Cover image for A pizza the size of the sun
A pizza the size of the sun
Prelutsky, Jack.
Personal Author:
Publication Information:
Old Greenwich, CT : Listening Library, [1999]

Physical Description:
1 audio disc (55 min.) : digital ; 4 3/4 in.
General Note:
"A playful collection of poems in song and music performed by the author"--Container.

Compact disc.
A pizza the size of the sun (2:36) -- Eyeballs for sale! (1:51) -- I was walking in a circle (1:41) -- Miss Misinformation (1:55) -- My gerbil seemed bedraggled (2:14) -- Gloppe's soup shoppe (2:00) -- I made something strange with my chemistry set (2:48) -- Bugs! Bugs! (2:19) -- I sailed on a half a ship (1:50) -- The improbable emporium (2:17) -- Dan the invisible man (2:38) -- I met a dozen duhduhs (2:14) -- Dixxer's excellent elixer (1:52) -- I do not like the sunshine (2:14) -- I often repeat repeat myself (1:46) -- Frenetica fluntz (1:16) -- It's hard to be an elephant (3:09) -- Rat for lunch! (2:29) -- The fummawummalummazumms (2:27) -- When I am full of silence (2:14) -- We're loudies! (1:50) -- Zeke McPeake (1:02) -- I'm proud of my preposterpus (2:33) -- If (3:27) -- A pizza the size of the sun (Second helping) (2:36).
Format :
Music CD


Call Number
Material Type
Home Location
Item Holds
XX(1070111.3) Juvenile Compact Disc Branch juvenile audio cd

On Order



A wondrously rich, varied, clever-and always funny- collection. Meet Miss Misinformation, Swami Gourami, and Gladiola Gloppe (and her Soup Shoppe), and delight in a backwards poem, a poem that never ends, and scores of others that will be chanted, read, and loved by children of all ages.

Author Notes

Jack Prelutsky, born on September 8, 1940 in Brooklyn, New York, is primarily known as a poet for children but he is also a gifted musician, actor, photographer, sculptor and potter. Prelutsky studied at Hunter College for two years. He proposed to his future wife, Carolynn, on the day they met; she accepted the next day.

While growing up in Brooklyn, Prelutsky studied voice at The High School of Music and Art in New York and first planned to be an opera singer. However, he decided he did not have the drive to sing opera, and he became a folk singer. Later he tried his hand at drawing. For fun, he wrote some short poems and made some drawings, which became his first publication. He has since published numerous books of illustrated poetry and also provided illustrations for books by other writers, including many in translation.

Prelutsky never condescends to his young readers. He deals in verse with many imaginative creatures, but he also writes about people and problems such bullies, school, and fear of the dark. He is aware of the sound of his words and likes to perform his poetry to the accompaniment of the guitar. He visits schools and libraries to perform his work.

Jack Prelutsky is the recipient of numerous awards. In 1977 The Children's Book Council honored him for Nightmares: Poems to Trouble Your Sleep. His other award-winners are The Mean Old Mean Hyena, The Headless Horseman Rides Tonight, and The New Kid on the Block. In 2006, the Poetry Foundation named Prelutsky the inaugural winner of the Children's Poet Laureate award. His book Behold the Bold Umbrellaphant and Other Poems (illustrated by Carin Berger) won the 2007 Scandiuzzi Children's Book Award of the Washington State Book Awards in the Picture Book category.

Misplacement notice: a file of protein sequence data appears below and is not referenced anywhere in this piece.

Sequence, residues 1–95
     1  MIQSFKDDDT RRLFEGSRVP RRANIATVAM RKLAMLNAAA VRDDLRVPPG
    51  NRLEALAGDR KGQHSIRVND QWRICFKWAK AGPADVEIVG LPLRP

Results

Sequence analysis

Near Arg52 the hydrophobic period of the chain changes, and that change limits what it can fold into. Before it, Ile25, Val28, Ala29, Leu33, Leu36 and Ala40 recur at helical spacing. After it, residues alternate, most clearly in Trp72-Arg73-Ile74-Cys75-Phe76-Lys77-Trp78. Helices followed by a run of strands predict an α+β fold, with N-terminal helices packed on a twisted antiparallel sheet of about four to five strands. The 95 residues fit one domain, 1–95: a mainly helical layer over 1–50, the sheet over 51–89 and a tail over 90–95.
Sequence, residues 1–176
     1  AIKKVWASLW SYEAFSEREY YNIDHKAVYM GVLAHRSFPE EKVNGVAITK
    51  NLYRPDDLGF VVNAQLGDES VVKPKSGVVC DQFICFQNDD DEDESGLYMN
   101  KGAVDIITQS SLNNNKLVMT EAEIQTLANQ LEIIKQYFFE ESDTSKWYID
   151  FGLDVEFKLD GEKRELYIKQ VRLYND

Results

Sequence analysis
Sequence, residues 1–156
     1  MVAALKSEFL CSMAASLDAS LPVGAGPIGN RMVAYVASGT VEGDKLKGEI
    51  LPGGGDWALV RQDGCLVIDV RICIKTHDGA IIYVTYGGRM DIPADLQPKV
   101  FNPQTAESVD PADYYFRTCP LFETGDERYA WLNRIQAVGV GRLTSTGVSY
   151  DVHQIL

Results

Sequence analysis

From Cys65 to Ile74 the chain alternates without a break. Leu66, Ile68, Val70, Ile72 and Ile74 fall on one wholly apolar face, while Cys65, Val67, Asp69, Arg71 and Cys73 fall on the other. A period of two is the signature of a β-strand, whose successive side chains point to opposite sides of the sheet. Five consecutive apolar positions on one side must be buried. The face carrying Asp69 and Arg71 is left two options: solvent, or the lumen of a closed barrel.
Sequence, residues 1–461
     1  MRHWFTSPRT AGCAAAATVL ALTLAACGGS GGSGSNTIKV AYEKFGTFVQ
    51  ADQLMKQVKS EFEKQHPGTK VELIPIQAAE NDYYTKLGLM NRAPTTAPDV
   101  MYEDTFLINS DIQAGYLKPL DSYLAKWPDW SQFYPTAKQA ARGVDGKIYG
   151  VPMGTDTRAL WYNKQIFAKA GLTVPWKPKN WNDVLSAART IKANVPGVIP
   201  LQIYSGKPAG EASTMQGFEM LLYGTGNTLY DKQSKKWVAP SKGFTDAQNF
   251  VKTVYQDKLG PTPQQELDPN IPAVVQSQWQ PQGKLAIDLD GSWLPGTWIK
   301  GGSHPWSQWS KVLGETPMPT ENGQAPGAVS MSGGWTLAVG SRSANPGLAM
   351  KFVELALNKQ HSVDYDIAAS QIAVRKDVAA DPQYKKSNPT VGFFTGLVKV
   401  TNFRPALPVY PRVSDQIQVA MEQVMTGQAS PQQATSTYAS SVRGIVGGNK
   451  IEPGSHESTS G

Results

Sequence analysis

(Bowker Author Biography)

Reviews 3

Booklist Review

Gr. 3-6. Prelutsky is up to his old tricks, using verbal sleight of hand to create another magical anthology of light verse. Poems such as "Penguins" display an elegance of wit and style: "Penguins cautiously reside / on our planet's underside, / Where they're careful not to cough, / lest they trip and tumble off." Others appeal to a grosser humor ("Eyeballs for sale! / Fresh Eyeballs for sale! / Delicious, nutritious, / not moldy or stale") or to children's delight in wordplay (I hide my dromedary / inside of our garage, / my parents don't suspect it's there / it's wearing camel-flage"). Librarians who have trouble locating concrete poems (in which the words are placed on the page in a shape suggested by the poem's subject) for school assignments will be glad to find a few examples here. The verse finds perfect visual expression in Stevenson's witty ink drawings touched with gray wash. A delightful addition to poetry collections that will not stay on the shelf for long. (Reviewed Sept. 15, 1996)0688132359Carolyn Phelan

Publisher's Weekly Review

Poetry's bad boys are back again, teaming up to take another swipe at stuffiness. Prelutsky's predilection for playfulness percolates throughout this collection of slyly subversive rhymes, and he couldn't ask for a better partner in crime than Stevenson, whose droll, minimalist sketches so enlivened the duo's previous escapades (The New Kid on the Block; Something BIG Has Been Here). Once again Prelutsky demonstrates a robust appreciation of the absurd‘and an uncanny knack for turning every possible subject on its head. Here his verse ranges from the short and sweet ("My mother makes me chicken,/ her chicken makes me cough./ I wish that when she made it,/ she took the feathers off") to poems of Jabberwockian silliness (the entry that begins " `I'm ceiling fad!' a money boned./ `Alas!' a carrot pride" is just one example). The pages are peppered with kinetic black-and-white drawings; like Thurber, Stevenson wrings a wealth of humor and emotion out of a few dashes of ink. If a laugh is what's needed, just hand over the keys and let these two drive. Ages 5-up. (Sept.) (c) Copyright PWxyz, LLC. All rights reserved

School Library Journal Review

K-Gr 6-Meet Miss Misinformation, Swami Gourami, and Gladiola Gloppe (and her Soup Shoppe), and delight in a backwards poem, a poem that never ends, and scores of others. By Jack Prelutsky. (c) Copyright 2010. Library Journals LLC, a wholly owned subsidiary of Media Source, Inc. No redistribution permitted.